Max Charlesworth: Crossing the Philosophy and religion divide
The Editors and staff of Sophia and the School of Humanities and Social Sciences at Deakin University invite you to celebrate with us the publication of a special issue of Sophia, 'Max Charlesworth: Crossing the Philosophy and Religion Divide' (Sophia, 51:4, 2012).

This issue of Sophia is a Festschrift in honour of Professor Max Charlesworth, AO, who co-founded Sophia in 1962. He was Reader in Philosophy at the University of Melbourne before going to Deakin University as Planning Dean of the School of Humanities. He remained at Deakin as Professor of Philosophy until 1991 before retiring as Emeritus Professor of Philosophy. He is the author of a number of significant books and articles and an exemplary educational innovator. In a career of public engagement that has spanned some seven decades, Professor Charlesworth has been a major voice in a range of contemporary academic, religious and intellectual debates in the Australian community and internationally.

Where: Gryphon Gallery, Graduate Centre (1888 Building)
Grattan Street, University of Melbourne
Access is at the north side of Grattan Street, just west from the junction of Swanston & Grattan Sts
When: Wednesday, April 10, 2013, 5.30pm-7.30pm

2012 events

Indonesian Roundtable Event
The Faculty of Arts and Education and the School of Humanities and Social Sciences will host a Roundtable event on 14 and 15 November 2012 at the Burwood campus with a large group of visiting Indonesian university leaders.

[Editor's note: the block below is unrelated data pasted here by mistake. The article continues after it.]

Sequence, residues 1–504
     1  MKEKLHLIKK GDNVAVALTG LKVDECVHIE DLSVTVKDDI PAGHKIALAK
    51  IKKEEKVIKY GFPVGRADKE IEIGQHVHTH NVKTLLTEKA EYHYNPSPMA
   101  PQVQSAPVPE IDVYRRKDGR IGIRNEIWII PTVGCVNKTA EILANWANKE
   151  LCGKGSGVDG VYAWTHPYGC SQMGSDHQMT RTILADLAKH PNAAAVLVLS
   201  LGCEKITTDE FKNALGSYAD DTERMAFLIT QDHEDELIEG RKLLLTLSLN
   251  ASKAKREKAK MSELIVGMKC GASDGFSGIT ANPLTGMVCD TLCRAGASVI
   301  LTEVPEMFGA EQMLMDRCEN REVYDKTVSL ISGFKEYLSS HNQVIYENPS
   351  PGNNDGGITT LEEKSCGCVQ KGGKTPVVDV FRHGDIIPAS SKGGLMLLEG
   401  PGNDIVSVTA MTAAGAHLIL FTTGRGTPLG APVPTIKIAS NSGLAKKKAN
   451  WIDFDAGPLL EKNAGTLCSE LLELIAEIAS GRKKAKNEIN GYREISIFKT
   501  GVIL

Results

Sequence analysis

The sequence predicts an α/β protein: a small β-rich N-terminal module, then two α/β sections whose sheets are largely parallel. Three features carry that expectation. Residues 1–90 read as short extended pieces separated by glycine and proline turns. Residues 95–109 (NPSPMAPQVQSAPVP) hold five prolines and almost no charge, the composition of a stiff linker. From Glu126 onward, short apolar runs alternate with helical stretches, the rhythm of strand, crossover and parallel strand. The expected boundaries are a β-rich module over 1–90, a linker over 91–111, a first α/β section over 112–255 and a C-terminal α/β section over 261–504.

Around 70 representatives from 38 Indonesian public, private and religious universities have confirmed their participation, including many Rektors (vice-chancellors). Several consortia of universities will be represented. Geographical distribution of attending universities (PDF, 82.6 KB)

The aim of the Roundtable is to enhance our increasingly significant engagement with Indonesia by demonstrating Deakin's capacity to host Indonesian HDR students and to explore the potential for extending existing collaborations in research and publications.

The VC will make an official welcome and sign an MOU with a representative of a number of a consortium of the Indonesian Universities

Recording from Deakin Week 2012: The challenges of modern life - Towards an intellectual self-defence.

2012 Seminar Series

School HDR Seminar Series

Philosophy Seminar Series

Cultural Heritage Centre for Asia and the Pacific Seminars

2011 events

Conference - An Australian Approach to Development? People, Practice and Policy
ACFID - Universities Linkage Network Conference
12 - 13 December 2011

Public lecture - Professor Noam Chomsky
'Changing Contours of Global Order'
4 November 2011

Conference - ADRI
'Hard Labor? The crisis of social democracy in the Australian state level'

Raising the Bar: Tackling Global Poverty through Sport
One Just World regional forum
11 October 2011

'Crime and the regions: from the local to regional, national and international'
Australian and New Zealand Society of Criminology Conference 2011
28 - 30 September 2011

'Australia-US Relations and the Rise of China: From Bilateralism to Trilateralism?
Fulbright Symposium
11 - 12 August 2011

2010 events

'The World In Crisis - business as usual?'
International Public Lecture and Workshop Series
11 - 13 November 2010

'Anthropology and the Community to Come'
Australian Anthropological Society Conference 2010
23 - 24 September 2010